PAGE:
Not being stuck with UbuntuOne

Launchpad uses UbuntuOne OpenID for authentication, and you can't use anything else. Since we required it for Launchpad, we ended up using it as authentication for most of the upstream development properties: review.openstack.org, wiki.openstack.org... But OpenStack also has its own OpenID authentication (OpenStackID), used in your Foundation profile, which you use for most of the downstream activities (registering to summit, voting for Foundation individual members etc.). That creates a number of issues when we need to connect those identities, like for example to know who signed the CLA. A single identity would solve that. StoryBoard accepts any OpenID provider: it uses UbuntuOne currently but can easily be switched to OpenStackID authentication whenever we are ready.

Why not push modifications upstream and/or run our own ?

Now the question is, couldn't we just improve Launchpad so that it suits our needs, rather than reinvent the wheel by writing our own ? It is, after all, developed under AGPLv3. We can (and some of us did) push a number of changes to Launchpad. The issue is we are now hitting opinionated changes (like wanting to use the Bugs backend for features, instead of the Blueprint backend), or complex ones (like solving the whole data model issue that triggers those damn timeouts). Without upstream support this is likely to be an impossible task, and the bugs we filed over time did not exactly generate much upstream excitement. We could fork it, modify it and run our own... but Launchpad is notoriously difficult to run as a standalone instance -- we happen to have a lot of ex-Launchpad devs in the OpenStack community, and they all advised us against trying that path.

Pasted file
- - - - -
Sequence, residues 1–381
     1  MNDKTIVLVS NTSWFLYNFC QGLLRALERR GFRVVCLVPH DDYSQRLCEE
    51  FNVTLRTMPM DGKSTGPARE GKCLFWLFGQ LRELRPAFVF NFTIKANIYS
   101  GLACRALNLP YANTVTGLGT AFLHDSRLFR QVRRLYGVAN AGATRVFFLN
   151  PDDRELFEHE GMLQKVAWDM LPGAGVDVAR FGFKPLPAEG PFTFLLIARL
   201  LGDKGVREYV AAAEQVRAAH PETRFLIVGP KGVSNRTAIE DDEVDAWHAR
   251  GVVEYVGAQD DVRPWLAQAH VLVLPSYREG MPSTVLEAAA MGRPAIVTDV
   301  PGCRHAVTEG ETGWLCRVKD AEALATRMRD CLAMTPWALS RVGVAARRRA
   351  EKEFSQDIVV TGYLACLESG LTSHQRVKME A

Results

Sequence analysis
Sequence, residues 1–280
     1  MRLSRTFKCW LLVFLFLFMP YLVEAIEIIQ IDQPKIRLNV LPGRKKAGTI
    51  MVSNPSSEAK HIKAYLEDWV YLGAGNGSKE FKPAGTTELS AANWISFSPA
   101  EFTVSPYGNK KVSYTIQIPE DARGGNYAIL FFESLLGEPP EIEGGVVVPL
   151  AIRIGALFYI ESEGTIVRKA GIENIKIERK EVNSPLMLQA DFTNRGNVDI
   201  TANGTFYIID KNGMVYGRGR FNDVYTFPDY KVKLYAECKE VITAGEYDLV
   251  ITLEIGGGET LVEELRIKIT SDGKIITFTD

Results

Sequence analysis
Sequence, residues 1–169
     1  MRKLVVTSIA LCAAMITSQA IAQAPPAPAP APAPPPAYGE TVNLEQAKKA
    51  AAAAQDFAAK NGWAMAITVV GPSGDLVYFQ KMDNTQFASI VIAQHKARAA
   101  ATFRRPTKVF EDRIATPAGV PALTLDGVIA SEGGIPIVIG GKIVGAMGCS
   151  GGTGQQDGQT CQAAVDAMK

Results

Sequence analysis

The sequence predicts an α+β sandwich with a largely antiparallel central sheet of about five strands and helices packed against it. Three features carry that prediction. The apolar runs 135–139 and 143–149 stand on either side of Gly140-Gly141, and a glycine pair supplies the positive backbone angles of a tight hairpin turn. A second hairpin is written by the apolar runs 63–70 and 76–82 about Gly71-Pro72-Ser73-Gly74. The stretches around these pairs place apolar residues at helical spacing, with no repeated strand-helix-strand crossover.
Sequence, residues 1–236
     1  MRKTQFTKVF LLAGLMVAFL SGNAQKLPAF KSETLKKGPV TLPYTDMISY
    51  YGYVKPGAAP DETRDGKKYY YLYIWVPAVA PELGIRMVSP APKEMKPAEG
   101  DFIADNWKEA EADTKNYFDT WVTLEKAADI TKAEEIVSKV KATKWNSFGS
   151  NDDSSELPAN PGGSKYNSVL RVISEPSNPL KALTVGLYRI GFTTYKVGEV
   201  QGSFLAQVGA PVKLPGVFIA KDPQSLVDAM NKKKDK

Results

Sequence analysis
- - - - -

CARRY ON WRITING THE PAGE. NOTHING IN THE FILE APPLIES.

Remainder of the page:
So where does that leave us ?

We spent years evaluating alternatives. We created a set of requirements, and no existing solution offered them all. An experimental OpenStack infra project, called StoryBoard, was started based on those requirements. But it went slow and we continued to consider alternatives. We came very close to implementing one such alternative solution (Maniphest) but it was missing one of our key requirements (an API-first design) and their developers were not really interested in bending their product to support our (admittedly specific) use case.

Fast-forward to today, where there is an organization outside of OpenStack using StoryBoard, interested in supporting it in the future, and willing to help with getting the must-have features we may still be missing. It feels like this option has the most potential to become the one and unique task tracker across OpenStack projects, so we are now reaching out to power users to identify and cover all those must-haves before starting any large-scale migration.